Further, we performed metagenomic sequencing to study the functional genes of bacteria, such as the ability to create or use specific nutrients. We were also able to assemble genomes of some key bacteria with the metagenomic data, which provides the first microbial decomposer database to our field. Lastly, we generated metabolomics data which is a profile of some of the nutrients and resource types within the environment.

Q: Can you tell us a bit more about the universal decomposers? What are some of the key microorganisms in that community? Were there any that surprised you?

A: These universal decomposers are organisms we found to be associated with active and advanced stages of decomposition at all our climate locations. Some of these
organisms include bacteria known to be associated with blow flies that feed on
remains, such as Ignatzschineria. None of them were particularly surprising, but there are some which we don’t know a lot about, such as Oblitimonas.

Q: You found the universal decomposers on insects, which implies that insects “bring them in” to cadavers. Can you talk more about these insects – are they found all over the world, and do they face any environmental pressures?

A: Yes, insects serve as vectors both to and from the cadavers. They bring their
microbes in and deposit them via feeding and defecating. In the case of flies,
they also lay eggs that hatch to maggots and deposit/pick up their own
microbes. Then, once the flies/maggots leave, they take some of these microbes
with them to the next location. These insects include a broad subset including flies,
beetles and ants.

There are studies in which decomposition has controlled settings to exclude insects, and some of the same microbes we detect do occur, but the insect specific microbes are missing. The decomposition process still occurs, but the lack of insects can lead to slower progression and even tissue remaining on the cadaver longer.

“I feel like we’re opening a whole lot of avenues in basic ecology and nutrient cycling,” Metcalf said.

Q: The setup of the experiment – human bodies exposed to the elements in cages across research sites – might be interpreted as quite grim by some. I appreciate that this is the only way to gather data such that it reflects real life scenarios of human decomposition, but can you explain how you, as a research team, felt during the experience of the study?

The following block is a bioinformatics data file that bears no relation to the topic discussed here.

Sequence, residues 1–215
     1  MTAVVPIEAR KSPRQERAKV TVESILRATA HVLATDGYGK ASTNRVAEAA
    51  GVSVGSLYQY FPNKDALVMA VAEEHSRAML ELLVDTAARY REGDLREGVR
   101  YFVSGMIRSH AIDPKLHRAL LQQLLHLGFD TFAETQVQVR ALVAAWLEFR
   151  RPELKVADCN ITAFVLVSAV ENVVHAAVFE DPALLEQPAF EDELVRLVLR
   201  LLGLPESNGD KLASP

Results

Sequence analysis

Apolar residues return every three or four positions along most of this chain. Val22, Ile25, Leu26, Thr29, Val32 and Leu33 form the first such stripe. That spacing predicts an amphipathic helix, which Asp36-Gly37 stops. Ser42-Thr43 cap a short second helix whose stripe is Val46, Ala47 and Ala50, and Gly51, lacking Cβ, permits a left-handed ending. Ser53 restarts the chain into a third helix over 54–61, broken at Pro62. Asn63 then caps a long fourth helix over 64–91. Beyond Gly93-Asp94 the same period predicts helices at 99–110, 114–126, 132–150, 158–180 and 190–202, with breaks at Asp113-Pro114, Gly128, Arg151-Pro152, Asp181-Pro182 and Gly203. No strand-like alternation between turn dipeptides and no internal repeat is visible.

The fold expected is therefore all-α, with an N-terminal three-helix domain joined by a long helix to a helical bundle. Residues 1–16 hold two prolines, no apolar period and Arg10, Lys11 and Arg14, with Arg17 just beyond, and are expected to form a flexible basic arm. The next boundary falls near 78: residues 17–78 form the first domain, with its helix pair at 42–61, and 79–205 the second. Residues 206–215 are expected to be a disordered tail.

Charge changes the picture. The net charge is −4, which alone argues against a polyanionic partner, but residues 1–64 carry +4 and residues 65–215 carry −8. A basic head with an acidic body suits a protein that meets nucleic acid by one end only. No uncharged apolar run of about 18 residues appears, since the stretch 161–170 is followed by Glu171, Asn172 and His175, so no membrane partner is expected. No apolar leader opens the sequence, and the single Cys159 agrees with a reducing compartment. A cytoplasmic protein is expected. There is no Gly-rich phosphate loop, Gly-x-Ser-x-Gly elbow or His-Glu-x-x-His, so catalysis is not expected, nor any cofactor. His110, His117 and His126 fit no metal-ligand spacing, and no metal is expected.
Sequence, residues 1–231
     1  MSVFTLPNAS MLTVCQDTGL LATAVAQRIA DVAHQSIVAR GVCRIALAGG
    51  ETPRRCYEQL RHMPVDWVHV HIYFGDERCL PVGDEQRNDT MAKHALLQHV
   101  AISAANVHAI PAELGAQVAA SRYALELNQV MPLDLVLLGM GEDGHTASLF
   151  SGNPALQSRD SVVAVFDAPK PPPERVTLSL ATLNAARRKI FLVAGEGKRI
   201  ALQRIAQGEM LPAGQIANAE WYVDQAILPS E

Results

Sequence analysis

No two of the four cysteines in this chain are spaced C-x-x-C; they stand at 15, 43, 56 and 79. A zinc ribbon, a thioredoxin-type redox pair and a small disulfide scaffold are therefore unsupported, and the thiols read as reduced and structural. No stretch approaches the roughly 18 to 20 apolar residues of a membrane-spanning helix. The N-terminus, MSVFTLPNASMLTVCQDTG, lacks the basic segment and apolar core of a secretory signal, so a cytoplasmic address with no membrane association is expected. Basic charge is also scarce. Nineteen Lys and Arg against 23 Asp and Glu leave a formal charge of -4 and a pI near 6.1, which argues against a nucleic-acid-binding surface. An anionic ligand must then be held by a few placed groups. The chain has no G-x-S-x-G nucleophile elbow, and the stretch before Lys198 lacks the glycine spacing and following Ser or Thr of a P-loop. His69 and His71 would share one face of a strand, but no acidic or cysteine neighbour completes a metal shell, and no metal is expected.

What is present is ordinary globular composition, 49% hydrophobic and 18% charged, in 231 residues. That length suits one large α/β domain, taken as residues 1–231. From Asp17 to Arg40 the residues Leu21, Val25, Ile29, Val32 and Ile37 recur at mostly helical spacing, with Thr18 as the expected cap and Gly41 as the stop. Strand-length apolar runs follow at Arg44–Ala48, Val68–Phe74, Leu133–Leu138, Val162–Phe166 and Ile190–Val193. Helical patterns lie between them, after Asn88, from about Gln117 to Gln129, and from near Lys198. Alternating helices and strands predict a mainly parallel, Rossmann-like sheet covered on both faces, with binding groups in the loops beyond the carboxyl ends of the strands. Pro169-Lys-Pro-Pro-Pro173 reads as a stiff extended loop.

A: The ultimate goal for studying human decomposition specifically is to better
improve society. This can be through discovering greener ways to handle the
deceased, improving our understanding of essential ecological processes so we
can mediate them, and for forensic investigations to ensure justice is upheld.

As a researcher, it is important to keep these benefits in mind when performing these studies. It is also extremely important that these donors, and the samples from them, are treated with the utmost respect as they willingly donated themselves to better our society.

Q: Can you talk about the cadaver donation process for your study?

A: The three facilities we worked with in this study are what we consider “willed-body
donation” facilities. Because of this, the donors in this study willingly signed up to donate their body to their specific facility during life. This request was approved by the facility and the donor’s next of kin, attorney or physician ensured that the donor’s wishes were known and granted.

Q: The discussion of the paper states that the data might help in modulating decomposition processes in human death industries – can you explain what you mean by this?

A: The human death industry has issues with things such as space availability in
cemeteries for burials and the generation of volatiles and greenhouse gases
from cremation. Because of this, other more green methods of handling the
deceased have been researched. For example, human composting works to convert
the human remains into nutrient-rich soil in a completely natural way that can
be used to support growth of plants or recover damaged habitats.

Through the study of the microorganisms associated with decomposition, we can work towards increasing our understanding of these processes in a way that we can hopefully increase their efficiency.

Dr. Jessica Metcalf and Dr. Zachary Burcham were speaking to Molly Campbell, Senior Science Writer for Technology Networks.